Local newsroom spotlight: KOMU seniors continue to report amid COVID-19 crisis

With graduation only a few weeks away, KOMU seniors are faced with new challenges in and out of the newsroom.

Before spring break, MU senior Nathalie Jones received a call from KOMU, asking her to become a core news reporter. Despite her surprise, the KOMU Sports reporter/anchor accepted the offer and is now working full-time.

This change came two weeks after Missouri announced its first positive coronavirus case. Since then, newsrooms have been consolidating their staff and severely limiting in-building work.

Jones said her job has completely changed, but she loves it.

“My thing is, I tell stories,” Jones said. “[I] know I'm not the hard-hitting news person, so they have me doing a lot of feature stories, you know, telling the stories of the people in the community that are really going through this struggle.”

Jones was worried about the sudden transition, but says she tackles news stories as if talking to an athlete about their life outside of sports.

“I realized that right now, this is something that is impacting people's lives, and I need to be there to get them information and tell them the stories that they need to hear,” Jones said. “So it's funny, because I was so worried about doing that.”

Jones is among a team of about 13 core student reporters.

Claire Bradshaw, an MU senior and KOMU News reporter and anchor, currently reports for the morning show.

Bradshaw said broadcasting from outside the newsroom is a major adjustment.

“We've all been working together for the last anywhere from a year to four years,” Bradshaw said. “We're more than just coworkers -- we’re friends.” Despite the challenges, Bradshaw and other seniors are finding the positive side.

“We all are learning skills that we're going to need when we go into bigger markets, because a lot of bigger markets give you equipment to work in the field,” Bradshaw said. “You don't always get to go back into the newsroom during your shift and have that luxury of sitting down at a computer and really focusing; you might be editing in your car.”

MU senior Micki Neiman is reporting for KOMU News from her home in Dallas.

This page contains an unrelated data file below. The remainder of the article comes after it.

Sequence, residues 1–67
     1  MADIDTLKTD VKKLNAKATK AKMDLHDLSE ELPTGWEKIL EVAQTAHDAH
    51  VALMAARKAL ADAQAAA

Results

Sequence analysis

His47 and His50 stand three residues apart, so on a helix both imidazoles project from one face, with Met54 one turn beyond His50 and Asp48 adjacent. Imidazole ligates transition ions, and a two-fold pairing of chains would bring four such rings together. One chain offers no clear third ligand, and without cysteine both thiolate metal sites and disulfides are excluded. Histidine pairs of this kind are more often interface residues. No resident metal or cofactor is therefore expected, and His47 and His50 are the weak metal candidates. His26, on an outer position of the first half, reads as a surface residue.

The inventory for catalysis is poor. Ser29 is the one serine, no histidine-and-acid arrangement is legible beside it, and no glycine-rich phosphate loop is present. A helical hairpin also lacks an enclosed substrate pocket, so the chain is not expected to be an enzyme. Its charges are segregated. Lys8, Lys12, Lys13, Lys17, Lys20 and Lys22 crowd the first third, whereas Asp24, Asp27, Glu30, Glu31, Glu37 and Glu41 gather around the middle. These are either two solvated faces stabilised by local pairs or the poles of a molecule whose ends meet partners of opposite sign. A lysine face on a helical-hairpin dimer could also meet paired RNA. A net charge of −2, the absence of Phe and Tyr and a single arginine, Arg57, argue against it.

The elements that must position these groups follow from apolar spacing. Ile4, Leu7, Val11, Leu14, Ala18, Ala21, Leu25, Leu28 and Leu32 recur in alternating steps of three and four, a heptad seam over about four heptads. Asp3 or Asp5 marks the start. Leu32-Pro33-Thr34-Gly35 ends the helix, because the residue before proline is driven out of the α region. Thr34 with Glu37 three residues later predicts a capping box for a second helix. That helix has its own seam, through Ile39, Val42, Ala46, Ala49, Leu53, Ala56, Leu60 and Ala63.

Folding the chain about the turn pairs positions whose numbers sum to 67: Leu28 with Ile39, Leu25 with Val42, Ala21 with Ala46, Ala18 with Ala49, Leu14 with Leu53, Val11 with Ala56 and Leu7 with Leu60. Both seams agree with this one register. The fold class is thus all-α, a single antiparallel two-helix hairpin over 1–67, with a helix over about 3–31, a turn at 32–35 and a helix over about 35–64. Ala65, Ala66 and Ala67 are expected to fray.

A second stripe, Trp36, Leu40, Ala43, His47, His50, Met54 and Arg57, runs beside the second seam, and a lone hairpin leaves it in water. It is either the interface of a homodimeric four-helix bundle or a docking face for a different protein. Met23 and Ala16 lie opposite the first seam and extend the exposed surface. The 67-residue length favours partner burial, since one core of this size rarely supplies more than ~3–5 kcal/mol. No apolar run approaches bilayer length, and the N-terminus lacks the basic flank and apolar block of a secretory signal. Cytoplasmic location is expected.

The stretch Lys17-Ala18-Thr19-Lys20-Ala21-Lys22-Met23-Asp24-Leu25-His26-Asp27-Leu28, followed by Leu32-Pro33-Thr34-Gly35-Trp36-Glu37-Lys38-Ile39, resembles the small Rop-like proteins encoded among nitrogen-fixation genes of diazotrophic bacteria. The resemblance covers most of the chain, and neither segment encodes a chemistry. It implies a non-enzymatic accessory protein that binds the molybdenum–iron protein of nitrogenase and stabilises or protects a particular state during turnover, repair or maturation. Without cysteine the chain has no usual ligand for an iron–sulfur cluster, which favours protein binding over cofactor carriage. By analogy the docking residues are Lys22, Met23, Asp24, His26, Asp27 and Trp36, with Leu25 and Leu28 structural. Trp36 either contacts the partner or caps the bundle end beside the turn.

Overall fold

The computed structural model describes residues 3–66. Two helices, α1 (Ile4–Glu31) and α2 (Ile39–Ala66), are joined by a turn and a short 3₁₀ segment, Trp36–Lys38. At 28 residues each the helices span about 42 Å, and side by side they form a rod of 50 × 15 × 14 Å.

Neiman visited home in mid-March and ended up staying. She lives with her family and records voiceovers inside a closet.

Neiman reports one story a week, for Thursday’s 9 and 10 p.m. newscasts.

Neiman and her co-workers appreciate the support of people like Ryan Takeo. As KOMU’s managing editor, Takeo checks on his students regularly and ensures they are doing well both professionally and emotionally.

“[Takeo told us that] KOMU is needed now more than ever and you're needed now more than ever but additionally, it's all about getting those reps in, getting to practice and getting prepared for a job,” Neiman said. “We’re obviously still needed and jobs are out there, so it's really important to him that we're still able to tell these stories and get this opportunity.”

Neiman is also the host and executive producer of Millennial Millionaires, a show on JUL-TV.

Although she doesn’t have set post-graduation plans, Neiman plans to continue reporting for KOMU and developing Millennial Millionaires.

According to Marc Tracy, a New York Times media reporter, roughly 33,000 news employees have been laid off, furloughed or had their pay reduced due to the COVID-19 pandemic. Other publications have shut down entirely.

In an April 10 article, Tracy reported that “new listings for jobs in the media and communications sector had fallen 35 percent in the 60 days before April 3, compared with the same period last year.”

Many media companies have placed holds, or “freezes,” on hiring. This has affected students like Austin Walker, an MU senior and reporter/anchor for KOMU News.

Walker received a job offer from a news station in Tulsa, Oklahoma, but the company cannot accept his contract due to economic uncertainty.

Walker is now applying for jobs daily and finding new ways to familiarize himself with media markets.

“Some companies are undoing their freezes for the right person, so it’s like, ‘I'm telling you that I am the right person for these reasons,’” Walker said. “[We are] kind of having to rely on our fellow Mizzou Mafia for knowing what the area is like and asking the right questions to the right people about if this is a place for me.”

Edited by Lucy Caile | lcaile@themaneater.com

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